A recent decision of the Federal Court, Accor Australia & New Zealand Hospitality Pty Ltd v Liv Pty Ltd (Accor) (link), reminds litigants of the risks associated with proceeding to trial on all issues, at all costs.
The applicants sued the respondents for infringement of two trade marks and misleading or deceptive conduct in relation to the respondents’ use of the words “Harbour Lights” in connection with an apartment rental business. The respondents cross-claimed for cancellation of the trade marks.
The case was long and hard fought. The applicants alleged 49 infringing uses of the trade marks and 16 misrepresentations. The respondents relied on five grounds of cancellation. The trial took 8 days, and written submissions exceeded 300 pages. The written judgment comprised some 650 paragraphs. On the second day of trial, the parties told the judge that they were unable to settle only because of the costs already incurred.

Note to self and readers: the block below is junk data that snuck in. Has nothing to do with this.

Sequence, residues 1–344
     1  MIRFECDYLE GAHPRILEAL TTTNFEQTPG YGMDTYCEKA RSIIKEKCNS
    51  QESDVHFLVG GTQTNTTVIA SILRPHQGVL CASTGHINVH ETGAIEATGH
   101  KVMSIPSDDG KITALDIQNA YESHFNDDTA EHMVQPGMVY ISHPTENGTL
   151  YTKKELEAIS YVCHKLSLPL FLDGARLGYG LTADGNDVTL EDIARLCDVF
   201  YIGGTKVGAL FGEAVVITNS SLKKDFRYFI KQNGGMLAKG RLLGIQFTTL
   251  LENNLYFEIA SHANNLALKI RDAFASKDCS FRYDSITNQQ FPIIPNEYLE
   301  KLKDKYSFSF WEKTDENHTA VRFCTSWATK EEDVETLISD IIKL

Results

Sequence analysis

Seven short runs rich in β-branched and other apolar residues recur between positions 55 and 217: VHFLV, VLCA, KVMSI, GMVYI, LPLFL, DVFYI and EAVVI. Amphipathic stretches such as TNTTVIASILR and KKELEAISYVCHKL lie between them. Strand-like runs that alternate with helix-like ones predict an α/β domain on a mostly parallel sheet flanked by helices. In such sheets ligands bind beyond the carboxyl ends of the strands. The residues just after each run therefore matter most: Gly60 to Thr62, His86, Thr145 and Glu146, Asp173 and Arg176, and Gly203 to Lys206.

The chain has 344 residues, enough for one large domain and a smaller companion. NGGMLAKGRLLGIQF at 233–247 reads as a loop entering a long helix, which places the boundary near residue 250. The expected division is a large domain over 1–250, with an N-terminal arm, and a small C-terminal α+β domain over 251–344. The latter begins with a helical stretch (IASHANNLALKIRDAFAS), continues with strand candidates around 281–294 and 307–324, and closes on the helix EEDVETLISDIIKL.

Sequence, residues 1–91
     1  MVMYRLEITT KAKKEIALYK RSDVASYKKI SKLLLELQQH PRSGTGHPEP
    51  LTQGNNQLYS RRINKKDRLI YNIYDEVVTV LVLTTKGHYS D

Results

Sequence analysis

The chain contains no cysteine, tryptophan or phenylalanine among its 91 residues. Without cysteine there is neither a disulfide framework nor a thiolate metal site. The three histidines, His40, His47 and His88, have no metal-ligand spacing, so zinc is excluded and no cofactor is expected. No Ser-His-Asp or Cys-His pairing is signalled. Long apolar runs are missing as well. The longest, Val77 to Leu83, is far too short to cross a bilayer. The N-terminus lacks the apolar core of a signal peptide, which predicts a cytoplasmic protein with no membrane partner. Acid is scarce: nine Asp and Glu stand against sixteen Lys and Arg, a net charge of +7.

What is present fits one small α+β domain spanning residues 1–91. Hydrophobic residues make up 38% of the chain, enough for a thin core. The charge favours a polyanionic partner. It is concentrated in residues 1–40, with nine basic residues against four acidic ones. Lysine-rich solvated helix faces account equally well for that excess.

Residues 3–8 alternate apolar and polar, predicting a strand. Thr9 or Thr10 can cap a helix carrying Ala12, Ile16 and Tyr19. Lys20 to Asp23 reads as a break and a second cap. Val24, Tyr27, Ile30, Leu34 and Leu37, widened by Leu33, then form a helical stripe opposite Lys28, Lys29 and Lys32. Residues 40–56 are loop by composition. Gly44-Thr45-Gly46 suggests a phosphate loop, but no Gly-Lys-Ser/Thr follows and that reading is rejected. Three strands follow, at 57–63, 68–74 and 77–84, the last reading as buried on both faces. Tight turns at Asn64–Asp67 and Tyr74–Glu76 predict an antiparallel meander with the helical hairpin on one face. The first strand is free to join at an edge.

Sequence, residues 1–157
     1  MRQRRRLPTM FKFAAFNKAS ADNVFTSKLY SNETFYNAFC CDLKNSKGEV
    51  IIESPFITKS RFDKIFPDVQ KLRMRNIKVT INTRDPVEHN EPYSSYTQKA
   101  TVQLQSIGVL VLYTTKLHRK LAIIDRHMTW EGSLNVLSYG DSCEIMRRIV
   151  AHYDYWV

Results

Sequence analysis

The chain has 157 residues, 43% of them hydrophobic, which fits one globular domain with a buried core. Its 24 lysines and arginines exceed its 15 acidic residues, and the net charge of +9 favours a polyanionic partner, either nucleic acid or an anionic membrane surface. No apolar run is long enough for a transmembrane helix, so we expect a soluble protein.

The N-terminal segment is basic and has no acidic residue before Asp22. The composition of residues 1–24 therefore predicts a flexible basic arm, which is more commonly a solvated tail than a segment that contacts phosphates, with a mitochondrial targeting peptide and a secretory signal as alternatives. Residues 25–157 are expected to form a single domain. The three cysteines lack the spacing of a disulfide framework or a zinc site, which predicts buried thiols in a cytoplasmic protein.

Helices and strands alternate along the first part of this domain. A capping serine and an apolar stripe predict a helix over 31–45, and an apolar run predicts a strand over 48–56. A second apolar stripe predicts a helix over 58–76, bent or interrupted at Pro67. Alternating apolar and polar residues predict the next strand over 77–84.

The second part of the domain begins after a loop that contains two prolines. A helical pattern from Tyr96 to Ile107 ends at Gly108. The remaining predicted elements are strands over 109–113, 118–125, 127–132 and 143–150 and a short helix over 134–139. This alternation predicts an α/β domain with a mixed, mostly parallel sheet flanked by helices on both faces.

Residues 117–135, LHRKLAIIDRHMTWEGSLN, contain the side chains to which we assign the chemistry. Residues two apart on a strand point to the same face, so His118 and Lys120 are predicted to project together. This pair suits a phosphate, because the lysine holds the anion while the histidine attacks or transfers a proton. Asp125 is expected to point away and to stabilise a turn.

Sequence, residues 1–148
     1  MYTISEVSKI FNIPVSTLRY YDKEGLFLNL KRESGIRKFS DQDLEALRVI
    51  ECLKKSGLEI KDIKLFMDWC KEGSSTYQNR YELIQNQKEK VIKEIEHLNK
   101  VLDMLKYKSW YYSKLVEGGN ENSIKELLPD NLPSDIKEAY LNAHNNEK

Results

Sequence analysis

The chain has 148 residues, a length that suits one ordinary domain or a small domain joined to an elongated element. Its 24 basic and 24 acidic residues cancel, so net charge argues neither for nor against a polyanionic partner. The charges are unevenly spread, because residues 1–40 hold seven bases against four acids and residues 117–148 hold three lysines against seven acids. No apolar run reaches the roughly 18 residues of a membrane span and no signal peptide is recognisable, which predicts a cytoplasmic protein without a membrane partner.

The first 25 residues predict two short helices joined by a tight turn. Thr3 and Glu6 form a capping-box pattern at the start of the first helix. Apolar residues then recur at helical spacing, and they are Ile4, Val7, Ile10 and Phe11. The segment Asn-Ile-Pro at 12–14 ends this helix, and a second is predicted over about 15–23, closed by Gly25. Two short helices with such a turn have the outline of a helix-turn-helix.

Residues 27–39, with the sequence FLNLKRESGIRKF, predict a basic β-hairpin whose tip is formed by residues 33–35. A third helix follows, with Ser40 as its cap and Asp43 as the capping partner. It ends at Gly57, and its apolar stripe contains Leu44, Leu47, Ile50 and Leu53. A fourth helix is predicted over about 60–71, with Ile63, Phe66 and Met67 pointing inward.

In the result, the respondents came out better off. One of the trade marks was cancelled in respect of apartment rental services, and the other was cancelled entirely. Only a few of the infringement and misleading claims were made out. The applicants were ordered to pay 40% of the respondents’ costs.
The judge in Accor went out of his way to remind the parties that there are risks associated with “all out” litigation and, unless there are good reasons to do so, litigants should not incur costs to such an extent that they cannot settle even where they can reach agreement on the substantive issues.